“How would you handle vaccine booster shaming by family and friends? I am a healthy mid-thirties male, already had Covid in December 2020 with little to no issue and reluctantly got the Pfizer double shot in April 2021. Now it appears that the vaccine-shaming earlier this year is turning into Booster-shaming going into 2022. I absolutely do not want to get the boosters that will only continue to be pushed on us by big Pharma and the CDC. How would you handle this situation? Get the booster or no?. (And go Titans)”
I’d do what I do now, explain why I’ve made the decision I have and let people agree or disagree with it.
At your age and in your health and based on the fact you already had covid and got the double covid vaccine, no, I wouldn’t get the covid booster.
Maybe I’m rare, but being shamed doesn’t really work on me anyway.
I don’t feel any shame at all over not getting the vaccine or the covid booster. I had covid, I’m healthy, I did my own research and talked to doctors I trust about my decision. Based on the data, it’s completely worthless for me to get the vaccine or the boosters.
Could I still die from covid?
But the statistical likelihood is essentially zero.
Having already had covid and recovered from it without any issues at all, I’m far more likely to be murdered or die in a traffic accident than I am to die of covid. Now someone could be like, “Well, you wear a seatbelt in the car, don’t you?!”
And I’d say, “Of course, I do. But I don’t wear full body armor or a helmet or drive a bullet proof car.” Statistically those things would make me safer from being murdered or dying in a traffic accident, but they aren’t making me safe enough from a remote risk that I would undertake them.
Put it this way, kids are more likely to drown, by far, than they are to die with covid. If your kid is going to be at a swimming pool and he can’t swim, putting him in arm floaties or a life jacket makes sense. But if you insisted that your kid wear a life jacket or arm floaties everywhere he went — to play baseball, to restaurants — just because he might trip and fall into a lake on the way to baseball or a restaurant, that would be a ridiculous parenting decision.
And your kid would never become a normal adult.
Adults have to make rational decisions about acceptable risk. That’s a huge part of what being an adult is.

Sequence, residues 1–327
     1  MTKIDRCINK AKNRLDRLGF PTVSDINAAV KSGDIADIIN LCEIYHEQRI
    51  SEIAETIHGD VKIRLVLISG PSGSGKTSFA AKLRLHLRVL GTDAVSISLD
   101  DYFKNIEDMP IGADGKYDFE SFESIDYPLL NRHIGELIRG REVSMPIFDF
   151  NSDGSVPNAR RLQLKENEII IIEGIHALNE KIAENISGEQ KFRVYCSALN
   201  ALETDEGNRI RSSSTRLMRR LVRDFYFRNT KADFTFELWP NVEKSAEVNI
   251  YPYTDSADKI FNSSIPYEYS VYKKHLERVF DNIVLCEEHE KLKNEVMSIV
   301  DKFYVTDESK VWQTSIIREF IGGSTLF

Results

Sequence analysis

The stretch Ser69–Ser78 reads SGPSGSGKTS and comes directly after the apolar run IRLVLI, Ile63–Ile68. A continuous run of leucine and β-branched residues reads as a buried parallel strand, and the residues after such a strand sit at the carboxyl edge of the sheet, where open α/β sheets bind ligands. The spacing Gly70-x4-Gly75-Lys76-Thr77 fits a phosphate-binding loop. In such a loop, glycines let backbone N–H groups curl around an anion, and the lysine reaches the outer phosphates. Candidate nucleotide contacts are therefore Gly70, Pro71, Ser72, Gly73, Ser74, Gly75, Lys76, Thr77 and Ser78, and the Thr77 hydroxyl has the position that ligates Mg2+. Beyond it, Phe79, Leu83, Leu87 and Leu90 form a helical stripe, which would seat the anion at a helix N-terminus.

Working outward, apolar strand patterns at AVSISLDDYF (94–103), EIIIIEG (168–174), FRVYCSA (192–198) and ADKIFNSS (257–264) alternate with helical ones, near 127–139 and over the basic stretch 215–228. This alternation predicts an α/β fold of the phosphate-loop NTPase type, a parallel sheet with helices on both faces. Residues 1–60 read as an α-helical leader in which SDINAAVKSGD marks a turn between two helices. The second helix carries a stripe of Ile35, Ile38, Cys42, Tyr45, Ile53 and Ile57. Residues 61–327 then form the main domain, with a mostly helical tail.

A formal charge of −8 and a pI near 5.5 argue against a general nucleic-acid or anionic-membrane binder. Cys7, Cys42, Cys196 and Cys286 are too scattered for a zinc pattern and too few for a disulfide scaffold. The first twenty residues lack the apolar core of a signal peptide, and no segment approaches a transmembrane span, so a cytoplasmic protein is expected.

It’s impossible to eliminate all risk from life while living a normal life.
I think really what covid has shown us is how terrified so many people are of random and unexpected death. Am I the only person who reads history? People used to die in all sorts of crazy ways. You step off the porch wrong, break your leg, and like two weeks later you were dead of the broken leg.
I’m not even kidding.
My great grandpa had a bad broken leg and they were like, “He was lucky to live.”
HE BROKE HIS LEG.
And people talked about how lucky he was to live from it.
Now a fat 82 year old smoker dies with covid and we shut down the entire country and talk about how terrifying it is.
I just don’t get it.
What covid has taught me is that I have a way higher risk tolerance than most people. Also, I’m just not that afraid of dying. Maybe I’ll get super afraid of dying when I’m old, but if you told me that tomorrow I was going to die, I’d only be upset for my kids. Because not having a dad would totally suck. (Especially one as awesome as me).
My wife would be fine, I’m not even sure she’d miss me.
She’d be able to get like fifty cats, no one would ever check the credit card bill, and my home office wouldn’t take up like 2,000 square feet of our house so she could put a full gym in. Hell, her life might get better without me.
But in terms of my own life, I mean, I’d like to live to be ninety and die in my sleep and be entirely healthy between now and then, but I’ve had a really good 42 years. I’ve done pretty much everything I’ve wanted to do in my life to this point.
Are there tons of other things I’d love to do?
But it’s not like my choices are death or immortality, we’re all going to die, it’s just a question of when. And two hundred years from now will it matter if I died in 2022 or 2062 for the tiny number of people who ever come to look at my gravestone? Probably not.
To me that’s always been an encouragement to live life like you want to live it as opposed to being boring as hell and living a long time. When I see someone wearing a haz mat suit to go to the grocery store or get on an airplane flight, I gotta be honest with you, I think to myself, why are you so afraid of dying? Your life looks like it sucks already.
Anyway, maybe that’s just me.
Happy 2022, I hope you don’t die this year.
As always, thanks for reading the anonymous mailbag. Send your anonymous mailbag questions to firstname.lastname@example.org, anonymity guaranteed as always.